Also depends on what you consider "budget."  I think the 15-85 as mentioned above is probably the most logical upgrade over the 18-55 as anything EF-S that is a substantial upgrade (17-55) is considerably more expensive.

 

You might also look at EF full frame lenses like the 28-135 IS.  You will loose quite a bit on the wide end but gain a ton on the telephoto end.  You can also use the lens on any EOS camera should you decide to upgrade your body at some point in the future.

post #2005 of 2682

 

Quote:
Originally Posted by leftnose View Post



Depends on how you use the lens.  For indoor handheld architectural work (think touristy stuff inside cathedrals, museums, etc), the IS would be great, especially if its 4-stop IS like most of the current IS systems.  You could conceivably take 1/2 exposures handheld!  You're not wrong that f/2.8 is a bit slow; f/2 would be even better!

Personally, I hate the 50mm focal length (on full frame).  I think it makes photos look very blah.  But that's just me.  You take your 50mm f/1.4 II and I'll take my 35mm f/2.8 IS. beerchug.gif

 

What's wrong with the 85mm f/1.8?  It basically meets your requirements other than missing a 1/2-stop of speed.  In fact, I own the f/1.8 and not the f/1.2 for all the reasons you list.  Optically, it is very, very good but it is just missing some of the build quality of the L.

 


The newer Canon IS primes are pretty much made to fill the gap Canon's got in the video market for their lenses. For real pro usage, Zeiss has been eating Canon's lunch since the inception of the 5DII. That's why they're in the focal lengths that they're in. Canon is hoping to get the jump on Zeiss by offering their excellent IS for hand-held stuff.  Shooting video at lower than 2.8 is a intensely frustrating due to the insanely thin area that is in focus.

 

Getting one for still-photography isn't a terrible idea, but it's good to keep in mind the target audience... it's not the best usage of cash. Relying on IS for a steady shot instead of really learning proper posture and moving your craft forward by holding perfectly still during a shot will benefit you so greatly in the future.

 

I moved slowly up through a variety of primes, and now use the Canon 1.2L as my only lens unless I'm shooting video at work... in which case it's only for VERY specialized types of shots. I shoot only in 1.2 unless I have a reason to do otherwise; the DOF factors very specifically in the kind of work I like to do. I've never wanted IS for any of my ambient light photography since I started shooting 1-2 hours per day with it.

 

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EDIT: These are direct from camera, by the way. I do not edit, except the occasional crop / tilt when I'm not shooting straight.


Edited by Mercuttio - 4/25/12 at 8:38pm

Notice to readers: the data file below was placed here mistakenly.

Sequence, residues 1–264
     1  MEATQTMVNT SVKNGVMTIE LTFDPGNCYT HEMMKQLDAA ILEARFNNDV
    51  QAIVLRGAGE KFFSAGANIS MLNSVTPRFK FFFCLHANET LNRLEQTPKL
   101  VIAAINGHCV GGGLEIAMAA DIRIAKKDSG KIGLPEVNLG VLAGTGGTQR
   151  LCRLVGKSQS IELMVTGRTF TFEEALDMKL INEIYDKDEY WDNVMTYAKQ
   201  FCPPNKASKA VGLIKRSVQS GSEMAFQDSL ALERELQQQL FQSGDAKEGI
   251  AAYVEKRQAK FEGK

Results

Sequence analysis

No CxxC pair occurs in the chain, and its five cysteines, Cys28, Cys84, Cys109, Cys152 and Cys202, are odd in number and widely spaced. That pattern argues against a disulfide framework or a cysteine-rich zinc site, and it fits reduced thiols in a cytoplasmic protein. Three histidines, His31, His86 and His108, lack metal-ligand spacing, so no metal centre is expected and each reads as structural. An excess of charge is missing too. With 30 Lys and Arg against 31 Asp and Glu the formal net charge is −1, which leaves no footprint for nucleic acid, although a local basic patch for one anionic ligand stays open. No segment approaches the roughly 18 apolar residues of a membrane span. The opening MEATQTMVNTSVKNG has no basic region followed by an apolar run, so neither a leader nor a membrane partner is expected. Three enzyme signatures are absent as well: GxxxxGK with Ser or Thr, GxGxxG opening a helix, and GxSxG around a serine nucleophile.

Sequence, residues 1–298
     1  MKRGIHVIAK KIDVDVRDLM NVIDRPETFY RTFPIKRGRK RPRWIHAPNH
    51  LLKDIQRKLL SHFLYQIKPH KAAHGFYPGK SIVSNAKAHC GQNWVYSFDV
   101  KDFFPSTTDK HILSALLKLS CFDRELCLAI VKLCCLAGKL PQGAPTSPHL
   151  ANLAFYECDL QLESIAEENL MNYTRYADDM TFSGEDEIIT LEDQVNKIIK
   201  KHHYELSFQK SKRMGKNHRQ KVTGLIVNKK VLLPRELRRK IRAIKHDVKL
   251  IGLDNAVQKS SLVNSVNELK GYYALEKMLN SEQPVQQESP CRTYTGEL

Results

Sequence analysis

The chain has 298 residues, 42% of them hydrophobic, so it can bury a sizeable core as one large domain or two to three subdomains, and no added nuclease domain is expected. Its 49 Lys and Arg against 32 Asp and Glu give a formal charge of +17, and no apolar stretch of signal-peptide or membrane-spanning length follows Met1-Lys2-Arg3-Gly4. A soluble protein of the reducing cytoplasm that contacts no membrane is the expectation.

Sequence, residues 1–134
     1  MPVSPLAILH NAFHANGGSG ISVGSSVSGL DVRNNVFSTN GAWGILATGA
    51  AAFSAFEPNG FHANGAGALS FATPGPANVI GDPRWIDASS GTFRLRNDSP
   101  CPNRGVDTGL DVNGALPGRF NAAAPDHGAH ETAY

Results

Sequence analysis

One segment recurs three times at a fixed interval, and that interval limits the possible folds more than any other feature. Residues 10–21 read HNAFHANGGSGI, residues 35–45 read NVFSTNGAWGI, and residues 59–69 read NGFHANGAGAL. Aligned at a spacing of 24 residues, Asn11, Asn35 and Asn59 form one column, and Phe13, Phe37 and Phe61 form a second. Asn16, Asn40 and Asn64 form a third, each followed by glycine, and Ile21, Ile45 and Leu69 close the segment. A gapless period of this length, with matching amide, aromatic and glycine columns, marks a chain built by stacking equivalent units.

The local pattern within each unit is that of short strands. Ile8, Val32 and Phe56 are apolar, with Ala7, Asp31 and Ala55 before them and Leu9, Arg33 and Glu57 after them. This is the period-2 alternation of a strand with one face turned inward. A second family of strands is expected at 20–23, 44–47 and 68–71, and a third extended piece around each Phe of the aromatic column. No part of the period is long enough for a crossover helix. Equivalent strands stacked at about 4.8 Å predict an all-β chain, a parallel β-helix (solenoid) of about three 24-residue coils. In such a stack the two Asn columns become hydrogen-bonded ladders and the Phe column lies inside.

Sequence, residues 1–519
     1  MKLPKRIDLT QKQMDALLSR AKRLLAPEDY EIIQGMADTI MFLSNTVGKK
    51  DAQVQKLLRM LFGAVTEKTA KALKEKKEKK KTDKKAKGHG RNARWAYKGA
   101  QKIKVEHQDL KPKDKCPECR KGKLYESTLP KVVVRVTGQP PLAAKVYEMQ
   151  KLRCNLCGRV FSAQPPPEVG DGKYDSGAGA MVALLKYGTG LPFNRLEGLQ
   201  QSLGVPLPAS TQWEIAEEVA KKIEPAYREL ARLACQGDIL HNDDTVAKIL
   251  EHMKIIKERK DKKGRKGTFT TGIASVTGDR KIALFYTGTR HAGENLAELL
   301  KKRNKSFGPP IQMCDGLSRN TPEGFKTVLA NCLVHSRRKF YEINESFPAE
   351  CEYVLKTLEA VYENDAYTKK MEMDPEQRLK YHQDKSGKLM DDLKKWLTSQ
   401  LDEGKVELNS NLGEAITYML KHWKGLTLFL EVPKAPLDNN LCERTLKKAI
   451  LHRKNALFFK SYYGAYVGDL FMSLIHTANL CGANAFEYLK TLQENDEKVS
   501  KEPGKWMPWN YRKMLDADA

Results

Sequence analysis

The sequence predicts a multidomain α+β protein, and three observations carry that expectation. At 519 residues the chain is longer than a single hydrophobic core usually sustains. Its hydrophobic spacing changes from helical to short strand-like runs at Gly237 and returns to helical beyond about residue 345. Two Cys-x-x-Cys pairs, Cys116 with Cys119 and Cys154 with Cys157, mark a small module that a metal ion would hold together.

post #2006 of 2682

 

Quote:
Originally Posted by Mercuttio View Post

Getting one for still-photography isn't a terrible idea, but it's good to keep in mind the target audience... it's not the best usage of cash. Relying on IS for a steady shot instead of really learning proper posture and moving your craft forward by holding perfectly still during a shot will benefit you so greatly in the future.

 

I'm not sure your comments were aimed at me but you quoted me so I'll comment.  I may be new to this thread but I am not new to photography.  Many years ago, I won a national competition sponsored by Illford and have had significant training all the way through high school and college.  I really do know what I'm doing behind a camera and, occasionally, I luck into a good shot.  My father was actually a student of Walker Evans and I've had a camera in my hands since I was very young and I remember my father telling me to be sure I stood very still while taking a photo with the then new disc film camera he had given me (so this was mid-80s and I was born in '81). I've never posted in this thread because I only have so much time in the day for internet forums and I like to follow the large threads in which I participate.  I believe you and I have had discussions in the watch thread about Speedmasters.

 

If you review my original comments, I would love to have a 35mm IS for indoor still shots.  I'm not talking about a shot at 1/10; I can do that handheld with a 35mm lens and get a very high percentage of keepers.  I'm talking about taking 1/4 - 1/2 sec. exposures and maybe even slower with a monopod.  I shoot a 5D2 which I don't like to use past ISO 1600.  Can you imagine what you could do taking 1/2 sec. images at ISO 1600?  Even looking at your images above, your style would benefit from it as well as only two of the subjects shown are in motion.

 

You mention a 1.2L.  50mm or 85mm?  I'll just assume 85mm for the sake of my argument.  Imagine if Canon released an 85L III with faster focusing and 4-stop IS.  You wouldn't jump all over that lens?  That's what a 35mm IS would be for me.

 

BTW, I do PP my images in Lightroom.  To me, that's half the fun of taking photos and it lets me do the things that I did so many years ago in wet darkrooms with old school contrast adjustments and real burning and dodging.  I don't take my images past Lightroom into Photoshop or anything but I tweak almost all of my keepers.


Edited by leftnose - 4/26/12 at 6:28am
post #2007 of 2682

 

Quote:
Originally Posted by leftnose View Post

 

 

I'm not sure your comments were aimed at me but you quoted me so I'll comment.  I may be new to this thread but I am not new to photography.  Many years ago, I won a national competition sponsored by Illford and have had significant training all the way through high school and college.  I really do know what I'm doing behind a camera and, occasionally, I luck into a good shot.  My father was actually a student of Walker Evans and I've had a camera in my hands since I was very young and I remember my father telling me to be sure I stood very still while taking a photo with the then new disc film camera he had given me (so this was mid-80s and I was born in '81). I've never posted in this thread because I only have so much time in the day for internet forums and I like to follow the large threads in which I participate.  I believe you and I have had discussions in the watch thread about Speedmasters.